Loading speed. The website will have a decent loading speed, and Tilda features lazy load option (adaptive image load).
Tilda CRM. It might not be suitable for big sales departments, but there’s a good CRM system to go with Tilda.
The limitations. There are modules for a lot of what you would want on your website, such as registration forms, contact forms, processing online payments, etc, but if you need something outside of the box, it would be difficult to realize. You would need a frontend developer to custom code your needed function, and then implement it. This would be tough because Tilda doesn’t feature a W3C valid code. W3C is the standard for valid code: valid code means it’s got proper syntax and “grammar”. When it’s not valid, it affects loading speed, SEO, and it’s simply hard to work with for a developer.
Tilda is a great solution for a lot of tasks. It’s great for smaller businesses. And it’s great for web designers in big corporations to experiment while the development team is building something else. But it’s still a builder, you’re still limited to the blocks available. For more complicated websites, be they complicated in design, or function, you would have to look somewhere else. Like Webflow.
What We Use Every Day: Webflow
Webflow is a visual editor that we use. Like the builders mentioned before, it too offers a wide variety of templates, and you could make a website from scratch. However, it’s a lot more flexible, and the main difference is that the custom elements could be coded and that the final result is in valid W3C code. But there’s no coding required to work with Webflow.
Little to no limitations. Pretty much any web design you could think of, no matter how outlandish, could be done in Webflow.
No coding required. Outside of adding custom solutions and particular technical features, there’s no coding required. In practical terms, it means that the final result won’t diverge from what the web designer envisioned. Pixel perfect. And that the web designer could build a website by themselves, with no frontend developer required.
Valid W3C code. So even if you do think up something completely outlandish, a custom solution would be easy to implement. Because Webflow puts out valid W3C code, that could be easily customized by a frontend developer. Developers weep with joy.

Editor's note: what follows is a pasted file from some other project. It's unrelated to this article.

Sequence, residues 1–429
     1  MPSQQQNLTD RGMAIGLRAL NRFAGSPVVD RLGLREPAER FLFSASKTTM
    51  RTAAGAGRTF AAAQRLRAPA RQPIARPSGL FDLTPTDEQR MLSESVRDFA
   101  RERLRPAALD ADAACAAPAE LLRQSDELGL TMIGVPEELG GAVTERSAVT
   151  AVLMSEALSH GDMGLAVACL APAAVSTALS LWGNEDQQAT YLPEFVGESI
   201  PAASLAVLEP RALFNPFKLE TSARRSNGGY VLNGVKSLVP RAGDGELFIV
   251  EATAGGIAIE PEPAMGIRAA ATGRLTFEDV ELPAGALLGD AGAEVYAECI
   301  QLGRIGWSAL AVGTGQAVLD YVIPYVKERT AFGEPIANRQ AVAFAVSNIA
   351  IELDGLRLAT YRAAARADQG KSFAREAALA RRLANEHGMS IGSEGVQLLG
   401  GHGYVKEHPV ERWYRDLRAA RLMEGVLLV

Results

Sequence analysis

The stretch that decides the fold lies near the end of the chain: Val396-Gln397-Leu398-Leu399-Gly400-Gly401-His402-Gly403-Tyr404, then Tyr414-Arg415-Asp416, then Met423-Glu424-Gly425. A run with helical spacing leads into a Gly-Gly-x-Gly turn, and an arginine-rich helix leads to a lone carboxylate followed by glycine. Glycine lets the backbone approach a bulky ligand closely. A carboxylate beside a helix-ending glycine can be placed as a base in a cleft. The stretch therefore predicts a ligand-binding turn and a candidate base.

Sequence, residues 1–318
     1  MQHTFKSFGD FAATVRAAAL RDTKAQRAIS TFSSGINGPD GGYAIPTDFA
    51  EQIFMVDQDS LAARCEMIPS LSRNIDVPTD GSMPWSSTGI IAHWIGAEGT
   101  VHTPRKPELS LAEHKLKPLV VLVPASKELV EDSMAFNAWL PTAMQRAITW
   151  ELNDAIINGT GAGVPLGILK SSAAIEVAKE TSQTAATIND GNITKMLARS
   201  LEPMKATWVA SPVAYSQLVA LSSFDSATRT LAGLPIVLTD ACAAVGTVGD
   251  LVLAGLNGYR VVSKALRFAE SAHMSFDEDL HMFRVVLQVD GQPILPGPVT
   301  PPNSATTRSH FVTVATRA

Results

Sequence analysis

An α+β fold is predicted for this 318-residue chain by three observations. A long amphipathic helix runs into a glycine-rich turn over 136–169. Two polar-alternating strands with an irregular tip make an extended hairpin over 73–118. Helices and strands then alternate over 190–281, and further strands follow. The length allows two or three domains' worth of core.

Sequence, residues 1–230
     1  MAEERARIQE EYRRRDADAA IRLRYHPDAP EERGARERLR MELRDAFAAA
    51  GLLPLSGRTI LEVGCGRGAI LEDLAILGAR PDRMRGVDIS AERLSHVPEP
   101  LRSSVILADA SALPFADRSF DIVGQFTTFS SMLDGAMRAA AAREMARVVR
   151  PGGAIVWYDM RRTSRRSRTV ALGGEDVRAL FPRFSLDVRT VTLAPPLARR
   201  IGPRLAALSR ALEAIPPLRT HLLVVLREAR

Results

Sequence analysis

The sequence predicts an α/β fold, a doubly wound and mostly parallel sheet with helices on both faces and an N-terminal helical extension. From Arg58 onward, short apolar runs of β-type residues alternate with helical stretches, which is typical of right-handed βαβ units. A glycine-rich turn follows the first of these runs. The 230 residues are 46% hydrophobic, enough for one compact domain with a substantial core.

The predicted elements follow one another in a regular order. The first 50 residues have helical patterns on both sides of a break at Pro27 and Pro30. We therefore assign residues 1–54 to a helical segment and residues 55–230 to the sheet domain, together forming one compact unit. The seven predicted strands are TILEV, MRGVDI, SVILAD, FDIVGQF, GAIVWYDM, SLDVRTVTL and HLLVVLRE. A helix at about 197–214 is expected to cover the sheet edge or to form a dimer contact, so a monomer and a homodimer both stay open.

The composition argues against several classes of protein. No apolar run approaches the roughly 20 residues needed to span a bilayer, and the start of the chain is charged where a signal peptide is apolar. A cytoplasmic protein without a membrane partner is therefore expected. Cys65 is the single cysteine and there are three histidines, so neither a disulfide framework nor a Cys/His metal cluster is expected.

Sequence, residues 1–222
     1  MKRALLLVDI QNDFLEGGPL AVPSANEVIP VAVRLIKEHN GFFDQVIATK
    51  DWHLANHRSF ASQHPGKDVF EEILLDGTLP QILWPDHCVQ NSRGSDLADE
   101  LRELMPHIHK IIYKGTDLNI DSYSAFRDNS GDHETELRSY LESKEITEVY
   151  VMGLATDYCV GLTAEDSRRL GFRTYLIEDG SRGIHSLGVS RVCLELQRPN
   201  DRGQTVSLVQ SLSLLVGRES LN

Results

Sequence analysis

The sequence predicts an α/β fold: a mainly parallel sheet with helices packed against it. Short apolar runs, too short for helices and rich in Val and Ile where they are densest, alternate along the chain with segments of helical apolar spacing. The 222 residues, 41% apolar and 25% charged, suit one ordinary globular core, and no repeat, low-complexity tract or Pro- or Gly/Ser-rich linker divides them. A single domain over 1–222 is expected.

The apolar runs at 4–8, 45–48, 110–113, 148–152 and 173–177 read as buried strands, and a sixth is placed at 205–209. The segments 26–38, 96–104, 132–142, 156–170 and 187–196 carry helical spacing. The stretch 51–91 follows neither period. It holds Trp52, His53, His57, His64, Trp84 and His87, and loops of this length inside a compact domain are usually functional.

Loading speed. Again, because of the valid code. The two websites completely the same in their visuals and their functionality could load very differently, depending on how well they’re coded. Exactly the same website would load 4.3 seconds if it’s made on WordPress, and 449 milliseconds if it’s built on Webflow. And the loading speed affects SEO too: a slow website would be way down in the results.
Webflow CMS. The content management system in Webflow is easy to use and implement on your website. In practical terms, it means that your marketing director or copywriters won’t need to involve a developer every time there needs to be a new page on the website, they could easily write it up, format it, and publish it to the live website themselves.
Motion. Motion is a big current trend in web design, and as technology progresses and a heavy website will impede loading speed less and less, we’ll only see more and more animations on the web. Out of all the visual builders, Webflow has the best support for animation, and 3D animation too.
It’s more expensive than the previously mentioned options. And being more flexible comes at a cost: it’s harder to learn. But still nowhere near as hard as learning to code everything.
Finally, you could just get a team to code the whole thing ground up. Reinventing the bicycle has its benefits, but it’s time-consuming and is hardly necessary in most cases.
The main benefit is the complete customization. This option is limited only by the frontend developer’s skills. But you’ll need a frontend developer anyway if your website offers complex services. This option is only practical if you already have a strong team of developers, and if your website needs to feature services far beyond what any online builder could offer.
It’s expensive. You’ll need at least a frontend developer and a backend developer. And building a website doesn’t take place in a vacuum, so you’ll need a web designer too.
It’s time-consuming. Building your website would take forever. Designing, coding, and testing everything, working out the details, changing things. Even with the most straightforward process, this is the most time-consuming option.
Hard to update. Your marketing executive or your copywriters won’t be able to put out new content without the developers’ help unless CMS is implemented, which also takes time.
The gap between the design and the final result. Because the web designer isn’t the one actually building the website, unlike with using codeless builders, there could be disparities between the web designer’s vision and the developer’s execution. Sometimes, the developer wouldn’t even see that something is wrong, even if the designer is pointing right at it.
You need to keep three things in mind to keep everything moving. First, you need to make decisions quickly. It’s better to make a mistake and then correct the course, rather than spending months laboriously arguing over every little thing. Second, for the same reasons, you don’t want to have too many people involved. On our projects, we ask our clients’ to pick someone on their team to communicate with us and make their decisions, and on our side, the project manager is the one responsible for the decisions and the final result. It’s for the same reasons: you want to keep things moving instead of debating every single detail with a committee. Finally, you need to be deeply involved in the process for better results. To hire a designer or an agency and then say, “see you guys in three weeks”, well, it could work. But on our projects we check-in daily and show progress step by step, and this involvement always leads to better final results.